Months ago, I had decided to stop writing detailed book reviews because it took away the happiness of reading. The critic in me could take a backseat while my bibliophilic entity could savor the world of written words. That is why it is essential, to begin with, a disclaimer first – this post is not a book review in the strictest sense but more on the lines of sharing my experience of reading Richa S. Mukherjee’s latest release ‘Kanpur Khoofiya Pvt. Ltd’.
Anyone who has ever lived in a small town would know how every small town holds a flavor unique to its people, traditions, and culture. That is why I would want to first mention the strongest aspect of this book which is the setting of its plot in the town of Kanpur. The author manages to take the reader on a ride through the lanes of Kanpur into Awadh Nivas, the residence of the Tripathi clan. Every character, scenario, festival, and even their food choices feel amazingly real and relatable. Kudos to the author for her sharp observation skills in creating this fictitious world by drawing inspiration from the real world.
Enter Prachaand Tripathi aka Prachiand his partner in the real and professional life, Vidya Tripathi aka Viddu. Together, they run Kanpur Khoofiya Pvt. Ltd, a Detective agency that survives on mundane cases but aspires to be much more. Often they find themselves spending more on keeping friends and acquaintances entertained (unwillingly, though) than earning through prospective clients.
The Tripathi’s (other than the detective couple) consisting of Ammaji Rampyari, mother Rachna, father Dinbandhu, uncle Dinanath and brother Bhushan (the Kanpuriya Justin Bieber) are a hilarious bunch. As their daily life unfolds through the pages of the story, I often found myself laughing my heart out. If there is one quotient that the book excels in, it is humor. Richa’s sense of humor keeps the plot from never becoming too grim.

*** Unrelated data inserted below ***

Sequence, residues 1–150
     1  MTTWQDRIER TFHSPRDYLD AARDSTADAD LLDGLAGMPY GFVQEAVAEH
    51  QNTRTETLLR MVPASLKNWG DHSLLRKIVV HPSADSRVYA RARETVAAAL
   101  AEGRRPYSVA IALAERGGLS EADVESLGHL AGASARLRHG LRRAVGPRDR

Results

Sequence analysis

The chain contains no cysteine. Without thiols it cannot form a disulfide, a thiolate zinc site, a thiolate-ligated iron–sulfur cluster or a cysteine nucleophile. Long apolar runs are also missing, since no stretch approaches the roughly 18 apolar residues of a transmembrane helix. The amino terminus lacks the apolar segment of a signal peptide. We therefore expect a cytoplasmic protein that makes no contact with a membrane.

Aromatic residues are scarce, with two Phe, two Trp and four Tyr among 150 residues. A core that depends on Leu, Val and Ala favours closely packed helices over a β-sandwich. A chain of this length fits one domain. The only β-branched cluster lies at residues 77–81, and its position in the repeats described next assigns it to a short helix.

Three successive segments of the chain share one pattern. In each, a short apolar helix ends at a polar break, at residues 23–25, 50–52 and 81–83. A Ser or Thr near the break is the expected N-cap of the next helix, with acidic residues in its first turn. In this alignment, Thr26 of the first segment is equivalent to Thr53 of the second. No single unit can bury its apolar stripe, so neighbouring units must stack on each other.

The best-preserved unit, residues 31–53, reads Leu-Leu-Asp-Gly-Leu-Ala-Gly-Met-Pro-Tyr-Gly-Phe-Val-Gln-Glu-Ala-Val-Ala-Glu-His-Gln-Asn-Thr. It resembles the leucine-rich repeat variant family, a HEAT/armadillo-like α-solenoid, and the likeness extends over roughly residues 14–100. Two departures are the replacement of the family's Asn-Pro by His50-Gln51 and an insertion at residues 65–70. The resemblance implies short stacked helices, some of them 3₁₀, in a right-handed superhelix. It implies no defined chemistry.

Exactly a year ago, I was concentrating on writing my second last post in the A2Z challenge when the reminder mail from Blogchatter arrived in my inbox about signing up for the Blogchatter e-book carnival. I wasn’t sure if I had the time or skills to convert my posts to a book. That is why I was one of the last ones to sign up for the e-book. Little did I know that it would turn out to be one of the best decisions in my writing career.
As the days progressed, I realized that the book based on the theme ‘A Dollop of Bengal’ from my A2Z challenge posts needed more information, detailed research and better structure that looked quite difficult in the limited time period. With just a few days left for submission, I realized that the only way out would be to bow out of the carnival. But Blogchatter turned out to be a perfect example of what a sense of belonging to the blogging fraternity can lead to. Just six days before the date of submission, I sat down motivated by my fellow bloggers, to write my first ever detective thriller ‘Deal of Death’ introducing Raya Ray.
Post submission, I executed all my marketing knowledge for the next few days to create an interesting trailer for the book launch and a video on the book reading. Through social media promotions, I had managed to create such a hype about my book that it led to 80 downloads hours before the book could be officially launched on 22nd May. Deal of Death went on to become the first book to run out of stock despite getting restocked twice within a week of launch. Encouraging reviews and positive feedback helped me establish my identity as a writer. Two months later, Blogchatter gave the authors an option to take the book to a different platform and most of my fellow authors went ahead and published it on Amazon.